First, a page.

Lawyer Appeals to Germany to Grant Citizenship to Pakistani Christian Asia Bibi and Family

Pakistani protesters shout slogans against Asia Bibi, a Christian woman facing death sentence for blasphemy, at a protest in Karachi on October 13, 2016. Pakistan's Supreme Court delayed an appeal into the country's most notorious blasphemy case on October 13, against a Christian mother on death row since 2010, after …

The lawyer of the Christian woman Asia Bibi, recently acquitted in Pakistan of a 2010 death penalty verdict for alleged blasphemy, reportedly revealed this week that he is appealing to Germany to grant her whole family citizenship to flee death threats by Islamists.

In Frankfurt, Saiful Mulook, the lawyer who escaped Pakistan after the acquittal fearing for his life, told reporters Tuesday that Asia Bibi and her family need a passport to leave the country, Dawn reported.

“The whole world is asking why she’s not coming,” Mulook told reporters, adding, “The answer is first that to leave a country you need a visa or you require a passport of another country.”

“If the German chancellor directs her ambassador to give a passport to her, her husband and her two daughters conferring German nationality, nobody can stop her for one second,” he also said, regretting that, so far, no government had come forward to support her in such an open and free manner.

Some news reports suggest Italy, Spain, France, and Canada have offered asylum to Bibi.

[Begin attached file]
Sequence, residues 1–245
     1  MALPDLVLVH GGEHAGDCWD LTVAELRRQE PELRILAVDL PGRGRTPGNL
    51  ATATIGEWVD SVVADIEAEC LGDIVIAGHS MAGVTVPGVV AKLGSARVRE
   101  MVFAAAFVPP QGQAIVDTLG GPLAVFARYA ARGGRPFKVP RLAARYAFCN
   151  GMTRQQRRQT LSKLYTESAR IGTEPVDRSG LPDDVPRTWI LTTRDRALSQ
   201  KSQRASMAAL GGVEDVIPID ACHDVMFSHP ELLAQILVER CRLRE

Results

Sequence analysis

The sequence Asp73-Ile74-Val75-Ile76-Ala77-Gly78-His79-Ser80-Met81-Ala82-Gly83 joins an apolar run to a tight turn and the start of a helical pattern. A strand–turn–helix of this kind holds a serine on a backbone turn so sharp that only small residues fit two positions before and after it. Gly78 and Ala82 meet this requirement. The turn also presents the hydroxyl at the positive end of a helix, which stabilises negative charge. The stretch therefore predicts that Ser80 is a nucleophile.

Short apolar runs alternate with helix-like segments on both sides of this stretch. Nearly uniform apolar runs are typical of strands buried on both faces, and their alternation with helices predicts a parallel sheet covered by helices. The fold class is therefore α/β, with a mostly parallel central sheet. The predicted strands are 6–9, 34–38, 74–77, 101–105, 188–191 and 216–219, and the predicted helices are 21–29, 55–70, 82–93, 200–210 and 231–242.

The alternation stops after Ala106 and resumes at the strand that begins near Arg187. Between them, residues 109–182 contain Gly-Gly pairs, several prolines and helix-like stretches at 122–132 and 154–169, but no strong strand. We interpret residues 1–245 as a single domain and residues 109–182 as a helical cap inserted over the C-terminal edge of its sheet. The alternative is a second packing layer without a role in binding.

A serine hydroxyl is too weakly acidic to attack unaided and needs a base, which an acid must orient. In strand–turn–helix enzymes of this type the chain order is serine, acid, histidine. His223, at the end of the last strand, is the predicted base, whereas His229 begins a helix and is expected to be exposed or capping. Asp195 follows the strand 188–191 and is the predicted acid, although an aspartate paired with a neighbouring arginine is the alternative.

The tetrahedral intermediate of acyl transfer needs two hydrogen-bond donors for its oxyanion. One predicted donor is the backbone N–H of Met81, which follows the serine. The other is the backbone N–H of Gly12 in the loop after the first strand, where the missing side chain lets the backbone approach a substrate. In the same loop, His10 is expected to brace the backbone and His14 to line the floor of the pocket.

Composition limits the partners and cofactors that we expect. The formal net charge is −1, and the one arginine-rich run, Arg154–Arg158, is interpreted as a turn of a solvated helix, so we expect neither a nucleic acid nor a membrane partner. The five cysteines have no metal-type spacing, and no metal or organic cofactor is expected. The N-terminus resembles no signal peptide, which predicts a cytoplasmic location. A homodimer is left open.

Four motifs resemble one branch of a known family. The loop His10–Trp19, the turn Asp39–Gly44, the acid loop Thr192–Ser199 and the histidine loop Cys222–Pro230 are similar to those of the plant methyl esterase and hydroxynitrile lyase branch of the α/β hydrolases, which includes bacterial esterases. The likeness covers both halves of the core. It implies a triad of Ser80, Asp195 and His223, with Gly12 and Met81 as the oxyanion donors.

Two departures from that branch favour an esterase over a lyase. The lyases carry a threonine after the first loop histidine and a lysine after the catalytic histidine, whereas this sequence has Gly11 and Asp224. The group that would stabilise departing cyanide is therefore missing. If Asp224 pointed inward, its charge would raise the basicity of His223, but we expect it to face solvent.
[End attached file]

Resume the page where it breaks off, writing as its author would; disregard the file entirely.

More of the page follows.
Dawn acknowledged, “It was unclear why citizenship, rather than a visa, was necessary for her to leave Pakistan, though Mr Mulook said pressure from religious extremists was making it harder for Islamabad to arrange her departure. She and her family are reportedly staying at a safe house in Pakistan despite offers of asylum from countries, including Canada.”

Although the judges cleared Bibi and ordered her release on October 31, Islamabad is holding her in an undisclosed location while the court reviews petitions challenging the acquittal under a deal reached by the Pakistani government to stop the protests orchestrated by the anti-blasphemy Islamist Tehreek-e-Labaik Pakistan (TLP) party soon after the court overturned the Christian mother’s conviction.

The Khan administration also agreed not to block a TLP petition to add Bibi to a no-fly list. TLP has threatened to kill Bibi, her lawyer, and judges who cleared her.

On November 13, Pakistan’s Federal Minister for Religious Affairs and Interfaith Harmony Pir Noorul Haq Qadri argued that Bibi cannot leave Pakistan until the “finalization of legal process.”

“The review petition is with the Supreme Court and all of us should wait for the final verdict instead of resorting to violence on the roads,” the minister declared, Dawn noted.

According to the Dawn, “German officials have said that they and a number of other countries are in talks with Bibi’s family and the Pakistani government to find a way of rehousing her … The German government did not immediately respond to requests for comment on the lawyer’s assertion that Bibi needs a passport to leave.” 


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